Art/Graphic by Peau Porotesano
The political climate in 2016 America demands that people fit into one of two extremes. As seen blatantly in this election, respectfully disagreeing with those in the other extreme is not an option nor, apparently, is listening to their point of view.
I’m not condemning American politics from an all-righteous throne of political discourse. I’m writing it because I see these issues in myself all the time. What has helped me discover and get past this, though, is talking to my parents about politics.
When researching these political rifts, I came across two telling articles regarding how to deal with parents or children who have different political beliefs than you. The first, “If You Want a Conservative Child,” by Dennis Prager in 2013, suggested that parents consistently tell their children their values for the proper America. The second, “10 Ways to Deal with your Right-Wing Relatives” by Amanda Marcott in 2014, recommended people to threaten to leave family gatherings if they’re uncomfortable with or offended by the conversation.
The key with both of these articles is that neither one suggests asking other people questions or listening to their opinions. Political labels allow people to assume others’ opinions; actually talking with a person forces one to hear deeply-held beliefs. If you’ve ever thought, “There’s no way the people who raised me thinks this way,” they probably don’t.
Knowing the values your parents raised you with allows you to get past politically-charged terminology and ask the right questions to get to the core of their political views. Also, asking questions and truly listening to the answers invites parents to do the same. If children and parents allow themselves to listen and explain respectfully, they might even find that they see eye-to-eye more than they thought.
Political labels have become defining parts of a cultural identity rather than a distinction for like-minded voters. The demographics of the two parties have shifted, Republicans being older and largely White and Democrats being younger and more diverse. It has caused a rift not only in politics but also in culture, as this article, “Democratic and Republican Voters are Further Apart” by David Lauter in the LA Times, points out.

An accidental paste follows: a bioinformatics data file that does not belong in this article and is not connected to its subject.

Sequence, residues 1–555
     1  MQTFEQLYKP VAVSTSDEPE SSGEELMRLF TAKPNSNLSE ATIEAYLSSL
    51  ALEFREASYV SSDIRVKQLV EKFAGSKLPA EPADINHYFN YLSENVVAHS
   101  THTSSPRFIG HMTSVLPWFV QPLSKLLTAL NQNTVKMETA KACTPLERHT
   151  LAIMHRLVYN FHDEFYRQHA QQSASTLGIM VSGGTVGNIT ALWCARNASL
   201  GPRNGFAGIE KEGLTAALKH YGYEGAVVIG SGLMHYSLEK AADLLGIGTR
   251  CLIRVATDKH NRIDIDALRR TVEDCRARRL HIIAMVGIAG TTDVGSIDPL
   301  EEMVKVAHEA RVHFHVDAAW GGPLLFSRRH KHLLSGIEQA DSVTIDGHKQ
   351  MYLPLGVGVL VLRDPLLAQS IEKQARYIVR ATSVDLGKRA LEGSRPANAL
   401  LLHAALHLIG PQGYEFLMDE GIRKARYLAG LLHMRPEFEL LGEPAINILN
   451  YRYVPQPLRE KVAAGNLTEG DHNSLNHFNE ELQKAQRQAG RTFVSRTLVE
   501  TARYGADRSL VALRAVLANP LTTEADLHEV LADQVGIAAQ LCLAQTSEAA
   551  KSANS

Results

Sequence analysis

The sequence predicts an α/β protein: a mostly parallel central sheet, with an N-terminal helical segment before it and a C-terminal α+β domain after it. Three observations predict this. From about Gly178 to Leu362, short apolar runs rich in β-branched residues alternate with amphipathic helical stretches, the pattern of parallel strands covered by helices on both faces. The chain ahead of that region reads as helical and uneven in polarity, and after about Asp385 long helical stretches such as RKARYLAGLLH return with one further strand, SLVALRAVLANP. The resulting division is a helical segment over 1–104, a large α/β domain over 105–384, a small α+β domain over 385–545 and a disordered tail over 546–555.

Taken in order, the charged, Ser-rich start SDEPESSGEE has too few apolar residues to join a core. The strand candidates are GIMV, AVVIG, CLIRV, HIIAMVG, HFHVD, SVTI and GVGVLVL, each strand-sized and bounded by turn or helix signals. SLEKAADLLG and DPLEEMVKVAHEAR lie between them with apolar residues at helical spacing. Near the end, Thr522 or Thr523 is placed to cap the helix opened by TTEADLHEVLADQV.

“Republican” and “Democrat” no longer simply defines how you think; it determines who you are. This has created an environment where people have little cultural common ground from which to discuss their political beliefs.
This is the benefit of talking to parents about politics, especially if the child doesn’t typically agree with them; they have common ground. Parents and children are from drastically different generations and may have nearly opposite political beliefs, but they also lived in the same house for 18 years. Knowing your parents’ character helps you see past political jargon (that you are both probably both using) to their real heart and opinions on issues.
There is, of course, the chance that you don’t see eye-to-eye at all. This brings me to my last point, learn how to disagree. “One in three Americans declines to discuss politics except in private; fewer than one in four ever talk with someone with whom they disagree politically … What kind of democracy is that?” Jill Lepore stated in “The State of the Presidential Debate,” recently in The New Yorker.
Having these sometimes tense conversations with your parents teaches you how to disagree and move on. Having strong political beliefs is important; having a strong family is much more so. These conversations with your parents enable you to know what they truly believe and can build your relationship through differences. Most importantly, they show you how to listen to others who have different beliefs and defend your own in a respectful way.
Follow Rachelle Holdridge on Twitter: @chellie_louise